I’ve been reading for years that there’s a possible connection between fracking and earthquakes. I’m curious to see what happens if they shut the wells:

The Arkansas Oil and Gas Commission will consider temporarily shutting down two injection wells that have been linked to recent earthquakes in the region when it holds an emergency meeting today.

The wells are used by the natural gas industry for wastewater from production. The Oil and Gas Commission’s staff requested that two wells be shut down until the panel can reconsider the matter at a March 29 meeting.

“I can’t go into detail at this time, but I can say that we believe there is a potential correlation between injection operations and earthquakes at one or both of those wells,” said Shane Khoury, deputy director and general counsel for the commission.

One of the wells is outside Guy and is owned by Chesapeake Operating Inc. The other near Greenbrier is owned by Clarita Operating LLC.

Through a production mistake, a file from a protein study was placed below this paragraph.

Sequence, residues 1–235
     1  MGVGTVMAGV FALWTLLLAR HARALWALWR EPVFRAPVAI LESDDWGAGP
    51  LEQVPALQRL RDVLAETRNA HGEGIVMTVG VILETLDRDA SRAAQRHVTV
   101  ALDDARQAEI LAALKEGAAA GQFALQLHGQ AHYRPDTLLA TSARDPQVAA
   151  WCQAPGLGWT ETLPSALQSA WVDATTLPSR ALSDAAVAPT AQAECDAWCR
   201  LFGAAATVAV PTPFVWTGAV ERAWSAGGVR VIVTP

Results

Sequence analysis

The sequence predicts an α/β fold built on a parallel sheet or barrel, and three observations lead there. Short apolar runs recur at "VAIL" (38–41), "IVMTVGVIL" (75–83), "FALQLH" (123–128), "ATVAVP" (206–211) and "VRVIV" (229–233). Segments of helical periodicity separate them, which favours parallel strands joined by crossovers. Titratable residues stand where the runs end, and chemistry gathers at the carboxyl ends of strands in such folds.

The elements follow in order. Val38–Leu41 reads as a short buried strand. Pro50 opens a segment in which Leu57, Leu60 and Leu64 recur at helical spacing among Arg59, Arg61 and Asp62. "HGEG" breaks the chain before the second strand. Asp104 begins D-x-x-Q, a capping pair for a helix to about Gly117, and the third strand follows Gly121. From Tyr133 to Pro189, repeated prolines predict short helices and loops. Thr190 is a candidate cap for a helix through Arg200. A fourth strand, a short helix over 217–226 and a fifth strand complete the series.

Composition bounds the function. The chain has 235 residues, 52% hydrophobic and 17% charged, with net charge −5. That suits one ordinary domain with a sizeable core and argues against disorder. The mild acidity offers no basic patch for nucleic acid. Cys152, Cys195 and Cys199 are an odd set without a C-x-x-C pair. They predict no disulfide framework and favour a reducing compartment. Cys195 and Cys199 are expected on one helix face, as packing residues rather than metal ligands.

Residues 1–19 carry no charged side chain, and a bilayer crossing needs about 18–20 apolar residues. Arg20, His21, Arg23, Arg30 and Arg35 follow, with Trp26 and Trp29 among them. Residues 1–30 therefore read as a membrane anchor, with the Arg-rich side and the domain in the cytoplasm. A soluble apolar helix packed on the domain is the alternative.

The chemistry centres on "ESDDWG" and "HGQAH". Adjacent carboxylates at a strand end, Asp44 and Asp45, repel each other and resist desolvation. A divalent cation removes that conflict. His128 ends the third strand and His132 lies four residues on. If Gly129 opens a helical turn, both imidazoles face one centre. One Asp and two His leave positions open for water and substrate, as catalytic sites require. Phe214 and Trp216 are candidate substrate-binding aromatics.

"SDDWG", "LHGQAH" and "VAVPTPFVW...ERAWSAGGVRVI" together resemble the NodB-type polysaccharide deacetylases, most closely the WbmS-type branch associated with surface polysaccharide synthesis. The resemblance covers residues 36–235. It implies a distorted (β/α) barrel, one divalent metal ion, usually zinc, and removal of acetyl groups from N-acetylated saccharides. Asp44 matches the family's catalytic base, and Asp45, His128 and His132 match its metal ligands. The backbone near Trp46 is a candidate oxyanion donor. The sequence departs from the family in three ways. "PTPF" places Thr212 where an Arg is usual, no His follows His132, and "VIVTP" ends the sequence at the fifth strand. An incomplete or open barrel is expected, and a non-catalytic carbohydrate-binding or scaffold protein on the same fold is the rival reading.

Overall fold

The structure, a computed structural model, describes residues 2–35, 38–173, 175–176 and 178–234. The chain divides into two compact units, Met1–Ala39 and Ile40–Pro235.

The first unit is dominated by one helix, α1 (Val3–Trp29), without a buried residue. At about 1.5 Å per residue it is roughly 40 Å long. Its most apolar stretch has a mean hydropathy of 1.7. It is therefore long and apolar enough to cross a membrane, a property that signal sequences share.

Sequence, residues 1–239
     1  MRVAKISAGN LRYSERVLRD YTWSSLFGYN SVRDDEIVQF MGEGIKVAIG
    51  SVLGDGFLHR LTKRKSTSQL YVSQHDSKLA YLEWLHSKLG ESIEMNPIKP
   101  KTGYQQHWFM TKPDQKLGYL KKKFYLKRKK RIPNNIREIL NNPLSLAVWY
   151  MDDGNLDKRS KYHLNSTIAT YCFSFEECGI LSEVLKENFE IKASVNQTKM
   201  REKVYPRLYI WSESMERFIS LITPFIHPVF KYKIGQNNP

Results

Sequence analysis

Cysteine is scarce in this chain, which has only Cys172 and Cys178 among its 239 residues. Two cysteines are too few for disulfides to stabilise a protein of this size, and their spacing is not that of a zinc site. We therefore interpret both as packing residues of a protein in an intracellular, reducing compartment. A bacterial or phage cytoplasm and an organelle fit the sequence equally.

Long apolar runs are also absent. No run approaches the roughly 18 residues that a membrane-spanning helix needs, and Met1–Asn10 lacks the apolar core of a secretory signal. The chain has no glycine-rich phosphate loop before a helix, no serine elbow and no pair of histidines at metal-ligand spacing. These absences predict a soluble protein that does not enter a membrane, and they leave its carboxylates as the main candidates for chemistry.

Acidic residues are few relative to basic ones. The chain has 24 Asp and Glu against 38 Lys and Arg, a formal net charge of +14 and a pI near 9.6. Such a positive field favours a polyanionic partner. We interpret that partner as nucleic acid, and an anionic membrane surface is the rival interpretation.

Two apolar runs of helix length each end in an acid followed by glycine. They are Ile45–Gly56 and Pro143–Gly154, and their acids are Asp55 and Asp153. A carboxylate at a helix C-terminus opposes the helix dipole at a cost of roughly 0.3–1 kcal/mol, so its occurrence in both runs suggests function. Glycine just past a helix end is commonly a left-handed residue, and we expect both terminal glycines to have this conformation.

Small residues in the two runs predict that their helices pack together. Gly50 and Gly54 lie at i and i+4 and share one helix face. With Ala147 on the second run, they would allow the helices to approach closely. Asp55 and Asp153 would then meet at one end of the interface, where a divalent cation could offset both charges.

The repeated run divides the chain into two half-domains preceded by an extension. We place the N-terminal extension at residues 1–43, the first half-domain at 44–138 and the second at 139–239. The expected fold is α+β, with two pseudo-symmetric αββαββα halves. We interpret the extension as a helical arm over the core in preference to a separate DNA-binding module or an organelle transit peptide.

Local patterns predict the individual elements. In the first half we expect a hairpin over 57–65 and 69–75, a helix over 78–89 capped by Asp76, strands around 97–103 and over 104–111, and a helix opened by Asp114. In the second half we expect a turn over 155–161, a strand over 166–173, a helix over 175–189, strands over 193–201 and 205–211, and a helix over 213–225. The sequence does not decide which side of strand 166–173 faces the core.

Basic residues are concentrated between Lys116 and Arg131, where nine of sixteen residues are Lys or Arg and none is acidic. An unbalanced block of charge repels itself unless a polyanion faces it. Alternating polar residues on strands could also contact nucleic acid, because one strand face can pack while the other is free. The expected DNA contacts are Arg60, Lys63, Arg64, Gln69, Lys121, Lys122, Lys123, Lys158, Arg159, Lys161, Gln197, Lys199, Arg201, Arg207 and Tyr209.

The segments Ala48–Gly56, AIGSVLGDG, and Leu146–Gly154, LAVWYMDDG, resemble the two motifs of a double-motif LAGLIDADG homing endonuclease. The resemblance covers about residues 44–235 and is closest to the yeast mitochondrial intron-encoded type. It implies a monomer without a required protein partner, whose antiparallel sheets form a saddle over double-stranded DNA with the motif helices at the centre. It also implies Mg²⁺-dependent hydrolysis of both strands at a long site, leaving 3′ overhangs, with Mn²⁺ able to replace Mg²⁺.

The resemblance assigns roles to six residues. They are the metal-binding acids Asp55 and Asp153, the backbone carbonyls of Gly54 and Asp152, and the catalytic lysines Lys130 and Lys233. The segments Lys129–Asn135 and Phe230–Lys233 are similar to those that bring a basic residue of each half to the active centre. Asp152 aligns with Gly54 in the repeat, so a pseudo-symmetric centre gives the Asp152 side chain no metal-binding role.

Chesapeake Energy said it believes its wells are safe and that it would continue to provide information to the commission.

“We remain very confident that an objective review of the facts and science do not support the proposed action,” Danny Games Sr., director of corporate development, said in a written statement. “We have dedicated extensive resources and have consulted with several very qualified geophysicists and seismologists to better understand the science, including the natural seismicity of the area that long pre-dates our operations.”

2 thoughts on “Hmm

  1. The source of all the problems with fracking, how do you know what is happening down there? The wells are close to the New Madrid Fault, an active seismic zone with or without help. The wells may be causing all or some or none of the quakes and they may be causing some other problem we don’t know about yet. For all we know about subsurface geology, we don’t know jack.

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